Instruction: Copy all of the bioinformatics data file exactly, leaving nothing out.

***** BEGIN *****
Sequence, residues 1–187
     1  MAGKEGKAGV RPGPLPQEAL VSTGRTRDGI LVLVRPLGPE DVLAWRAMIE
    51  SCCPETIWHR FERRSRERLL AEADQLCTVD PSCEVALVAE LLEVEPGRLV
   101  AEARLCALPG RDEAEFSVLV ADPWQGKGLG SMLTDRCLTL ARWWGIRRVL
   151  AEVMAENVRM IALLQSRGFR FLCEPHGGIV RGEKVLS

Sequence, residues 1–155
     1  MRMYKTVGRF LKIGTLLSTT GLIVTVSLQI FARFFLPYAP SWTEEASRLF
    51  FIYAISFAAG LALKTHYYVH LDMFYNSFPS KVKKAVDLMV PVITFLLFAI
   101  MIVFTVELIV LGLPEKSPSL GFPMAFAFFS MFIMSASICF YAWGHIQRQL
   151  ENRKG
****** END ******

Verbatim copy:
Sequence, residues 1–187
     1  MAGKEGKAGV RPGPLPQEAL VSTGRTRDGI LVLVRPLGPE DVLAWRAMIE
    51  SCCPETIWHR FERRSRERLL AEADQLCTVD PSCEVALVAE LLEVEPGRLV
   101  AEARLCALPG RDEAEFSVLV ADPWQGKGLG SMLTDRCLTL ARWWGIRRVL
   151  AEVMAENVRM IALLQSRGFR FLCEPHGGIV RGEKVLS

Sequence, residues 1–155
     1  MRMYKTVGRF LKIGTLLSTT GLIVTVSLQI FARFFLPYAP SWTEEASRLF
    51  FIYAISFAAG LALKTHYYVH LDMFYNSFPS KVKKAVDLMV PVITFLLFAI
   101  MIVFTVELIV LGLPEKSPSL GFPMAFAFFS MFIMSASICF YAWGHIQRQL
   151  ENRKG